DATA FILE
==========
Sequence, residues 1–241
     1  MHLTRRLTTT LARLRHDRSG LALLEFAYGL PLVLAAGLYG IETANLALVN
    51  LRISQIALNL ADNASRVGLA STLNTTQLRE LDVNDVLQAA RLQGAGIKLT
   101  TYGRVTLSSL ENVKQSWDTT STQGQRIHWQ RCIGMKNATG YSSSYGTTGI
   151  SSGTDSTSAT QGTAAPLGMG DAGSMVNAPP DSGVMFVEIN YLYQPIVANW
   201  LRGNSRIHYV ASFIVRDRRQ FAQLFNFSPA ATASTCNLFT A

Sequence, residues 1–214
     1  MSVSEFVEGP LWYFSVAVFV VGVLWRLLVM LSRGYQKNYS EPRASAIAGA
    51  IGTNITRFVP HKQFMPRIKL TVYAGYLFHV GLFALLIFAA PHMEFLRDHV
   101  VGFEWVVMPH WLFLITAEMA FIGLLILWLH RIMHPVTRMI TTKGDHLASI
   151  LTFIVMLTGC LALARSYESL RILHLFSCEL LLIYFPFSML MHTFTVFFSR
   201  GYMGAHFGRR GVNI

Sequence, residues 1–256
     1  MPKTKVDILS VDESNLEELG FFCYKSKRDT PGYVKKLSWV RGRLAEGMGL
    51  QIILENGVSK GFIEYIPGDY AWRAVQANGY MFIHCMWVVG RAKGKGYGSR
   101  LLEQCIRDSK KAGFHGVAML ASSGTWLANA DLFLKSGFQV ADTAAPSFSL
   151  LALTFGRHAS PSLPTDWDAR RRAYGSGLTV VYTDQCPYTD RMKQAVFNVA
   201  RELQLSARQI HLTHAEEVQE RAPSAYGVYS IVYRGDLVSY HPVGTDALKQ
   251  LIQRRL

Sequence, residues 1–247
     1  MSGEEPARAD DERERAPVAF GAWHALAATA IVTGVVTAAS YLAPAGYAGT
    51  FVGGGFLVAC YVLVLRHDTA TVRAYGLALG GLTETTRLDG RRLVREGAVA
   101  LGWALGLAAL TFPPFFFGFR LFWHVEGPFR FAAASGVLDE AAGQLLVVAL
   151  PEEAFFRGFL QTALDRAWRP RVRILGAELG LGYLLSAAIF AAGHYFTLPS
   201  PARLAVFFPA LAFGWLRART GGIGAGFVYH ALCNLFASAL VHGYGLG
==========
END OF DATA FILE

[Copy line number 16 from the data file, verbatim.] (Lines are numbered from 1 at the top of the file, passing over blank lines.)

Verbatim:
   101  LLEQCIRDSK KAGFHGVAML ASSGTWLANA DLFLKSGFQV ADTAAPSFSL